Premier Legault mocks Quebec Solidaire leader Nadeau-Dubois by calling him 'woke'
Quebec Premier François Legault sees Québec Solidaire parliamentary leader Gabriel Nadeau-Dubois as "woke," but not in a complimentary way.
The tone the premier used in the National Assembly to describe the new parliamentary leader of the second opposition party on Wednesday during question period left no doubt about the pejorative nature of the epithet chosen.
It was certainly not a compliment.
Legault was stung by the preamble of the question asked by Nadeau-Dubois, who had compared him to former Premier Maurice Duplessis.
The reply was scathing.
"The leader of Québec Solidaire is talking about Maurice Duplessis. He had many faults, but he defended his nation. He was not a 'woke' like the leader of Québec Solidaire," said Legault.
The term woke generally refers to people who are very vigilant in exposing social injustices and especially all forms of racism.
Nadeau-Dubois was trying to make the point that he felt the premier had recently proclaimed himself the "father of the Quebec nation" by intervening in the federal election campaign to strongly defend Quebec values, respect for jurisdictions, Bill 21 on the secularization of the state, and Bill 96 on the revision of the status of the French language in Quebec.
He reminded the premier that he had not been given a mandate by the people to "single-handedly decree what Quebec values are."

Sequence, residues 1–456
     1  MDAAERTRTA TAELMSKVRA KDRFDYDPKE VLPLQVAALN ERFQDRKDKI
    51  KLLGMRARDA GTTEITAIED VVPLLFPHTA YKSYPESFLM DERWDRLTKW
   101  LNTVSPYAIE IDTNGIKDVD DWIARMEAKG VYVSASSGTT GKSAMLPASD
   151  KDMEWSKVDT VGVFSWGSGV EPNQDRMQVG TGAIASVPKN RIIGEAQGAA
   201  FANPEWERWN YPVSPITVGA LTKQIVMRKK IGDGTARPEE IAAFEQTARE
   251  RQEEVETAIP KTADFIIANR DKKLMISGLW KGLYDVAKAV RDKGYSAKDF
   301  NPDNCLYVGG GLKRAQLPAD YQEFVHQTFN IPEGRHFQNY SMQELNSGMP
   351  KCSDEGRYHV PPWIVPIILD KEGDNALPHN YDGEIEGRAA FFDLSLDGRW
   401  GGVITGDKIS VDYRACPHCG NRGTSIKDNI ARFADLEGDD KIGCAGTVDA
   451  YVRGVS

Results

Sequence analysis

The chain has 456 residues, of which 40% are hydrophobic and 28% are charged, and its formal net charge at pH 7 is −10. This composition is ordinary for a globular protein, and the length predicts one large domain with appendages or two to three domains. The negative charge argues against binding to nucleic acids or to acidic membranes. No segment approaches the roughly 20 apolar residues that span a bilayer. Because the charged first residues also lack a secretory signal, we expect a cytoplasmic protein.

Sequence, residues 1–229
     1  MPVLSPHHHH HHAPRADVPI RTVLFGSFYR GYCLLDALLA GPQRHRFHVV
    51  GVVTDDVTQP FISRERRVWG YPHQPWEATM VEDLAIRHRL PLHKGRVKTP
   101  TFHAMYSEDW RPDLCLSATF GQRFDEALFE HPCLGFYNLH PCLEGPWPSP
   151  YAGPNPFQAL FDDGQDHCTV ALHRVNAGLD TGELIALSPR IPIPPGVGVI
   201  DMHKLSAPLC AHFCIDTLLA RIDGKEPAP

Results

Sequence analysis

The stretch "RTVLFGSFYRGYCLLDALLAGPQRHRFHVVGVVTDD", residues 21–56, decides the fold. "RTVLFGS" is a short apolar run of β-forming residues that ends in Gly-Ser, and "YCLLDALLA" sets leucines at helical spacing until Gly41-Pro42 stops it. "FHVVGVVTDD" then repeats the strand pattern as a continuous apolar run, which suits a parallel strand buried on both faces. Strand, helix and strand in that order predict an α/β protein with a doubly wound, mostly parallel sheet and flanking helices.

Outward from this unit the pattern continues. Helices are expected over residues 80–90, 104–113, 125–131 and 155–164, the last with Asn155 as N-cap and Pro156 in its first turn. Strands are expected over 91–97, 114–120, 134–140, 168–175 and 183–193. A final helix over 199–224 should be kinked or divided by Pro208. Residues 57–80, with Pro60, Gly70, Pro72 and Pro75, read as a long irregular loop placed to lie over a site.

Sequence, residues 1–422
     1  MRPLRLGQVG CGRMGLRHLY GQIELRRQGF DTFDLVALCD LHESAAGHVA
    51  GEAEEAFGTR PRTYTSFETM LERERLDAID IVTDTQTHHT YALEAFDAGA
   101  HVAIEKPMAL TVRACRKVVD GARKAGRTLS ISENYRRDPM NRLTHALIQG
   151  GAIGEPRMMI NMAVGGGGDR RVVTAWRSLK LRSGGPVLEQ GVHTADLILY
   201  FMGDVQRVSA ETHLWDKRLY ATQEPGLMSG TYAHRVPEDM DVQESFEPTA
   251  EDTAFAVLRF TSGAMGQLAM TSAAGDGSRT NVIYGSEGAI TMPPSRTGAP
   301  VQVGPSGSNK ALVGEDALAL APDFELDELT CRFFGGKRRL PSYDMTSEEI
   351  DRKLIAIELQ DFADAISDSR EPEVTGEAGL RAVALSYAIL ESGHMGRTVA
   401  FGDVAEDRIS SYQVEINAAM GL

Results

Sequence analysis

In doing so, Legault "succumbed to one of his worst faults. He has started to do his best imitation of Maurice Duplessis," said Nadeau-Dubois adding that "there are millions of people in Quebec who do not recognize themselves in him, who do not recognize themselves in his government, millions of people who are tired of him presenting himself as our saviour, then our redeemer."
When the premier called him woke, the QS MNA would not pick up the gauntlet, saying that if "the premier wants to take the debate down to the sewer, he can do it, I won't follow him."
He pointed out that the critics of Bill 21 are just as much Quebecers as those who support it.
"The premier does not have the right to symbolically expel them from the Quebec nation because they disagree with him. He is a premier, not a monarch," said Nadeau-Dubois.
The heated debate between the two elected officials quickly turned to Quebec-Ottawa relations.
Posing as a sovereignist, Nadeau-Dubois added that the bickering over federal or provincial jurisdictions did not interest him that much.
The premier took the opportunity to conclude that what "Québec Solidaire is telling us is that between now and the next referendum, come and invade our jurisdictions, we like that," said Legault.
-- This report by The Canadian Press was first published in French on Sept. 15, 2021.